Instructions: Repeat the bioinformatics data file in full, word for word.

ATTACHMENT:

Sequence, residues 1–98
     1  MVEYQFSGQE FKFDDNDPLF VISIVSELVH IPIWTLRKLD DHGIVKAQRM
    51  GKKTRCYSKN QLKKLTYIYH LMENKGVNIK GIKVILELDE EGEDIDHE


Sequence, residues 1–98
     1  MVEYQFSGQE FKFDDNDPLF VISIVSELVH IPIWTLRKLD DHGIVKAQRM
    51  GKKTRCYSKN QLKKLTYIYH LMENKGVNIK GIKVILELDE EGEDIDHE